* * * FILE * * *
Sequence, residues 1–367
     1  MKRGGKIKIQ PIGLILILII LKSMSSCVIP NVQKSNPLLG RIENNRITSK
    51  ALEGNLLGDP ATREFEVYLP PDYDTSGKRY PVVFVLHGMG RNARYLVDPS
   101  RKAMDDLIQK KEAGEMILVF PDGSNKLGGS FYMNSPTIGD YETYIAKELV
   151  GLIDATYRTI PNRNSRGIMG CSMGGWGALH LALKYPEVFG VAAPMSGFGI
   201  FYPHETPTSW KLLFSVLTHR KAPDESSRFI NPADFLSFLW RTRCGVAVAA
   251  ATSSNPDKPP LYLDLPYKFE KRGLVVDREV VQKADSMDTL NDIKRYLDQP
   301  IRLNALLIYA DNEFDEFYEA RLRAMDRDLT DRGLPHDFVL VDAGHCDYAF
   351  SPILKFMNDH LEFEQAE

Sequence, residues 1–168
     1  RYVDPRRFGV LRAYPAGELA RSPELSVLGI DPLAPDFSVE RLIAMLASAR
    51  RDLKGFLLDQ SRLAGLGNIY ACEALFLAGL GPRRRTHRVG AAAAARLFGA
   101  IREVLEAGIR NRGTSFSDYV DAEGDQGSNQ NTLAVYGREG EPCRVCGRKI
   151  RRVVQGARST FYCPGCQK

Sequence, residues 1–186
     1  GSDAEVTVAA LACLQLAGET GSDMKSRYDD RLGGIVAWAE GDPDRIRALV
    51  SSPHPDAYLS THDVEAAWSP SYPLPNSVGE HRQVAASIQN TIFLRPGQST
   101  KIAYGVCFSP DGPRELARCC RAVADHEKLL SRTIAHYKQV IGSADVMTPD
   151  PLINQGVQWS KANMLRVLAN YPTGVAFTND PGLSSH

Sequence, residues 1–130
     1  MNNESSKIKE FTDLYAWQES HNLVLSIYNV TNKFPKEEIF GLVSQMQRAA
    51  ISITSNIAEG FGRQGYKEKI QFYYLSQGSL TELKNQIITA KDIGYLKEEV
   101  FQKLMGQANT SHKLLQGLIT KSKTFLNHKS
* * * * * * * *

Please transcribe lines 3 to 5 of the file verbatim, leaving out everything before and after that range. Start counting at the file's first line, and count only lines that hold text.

    51  ALEGNLLGDP ATREFEVYLP PDYDTSGKRY PVVFVLHGMG RNARYLVDPS
   101  RKAMDDLIQK KEAGEMILVF PDGSNKLGGS FYMNSPTIGD YETYIAKELV
   151  GLIDATYRTI PNRNSRGIMG CSMGGWGALH LALKYPEVFG VAAPMSGFGI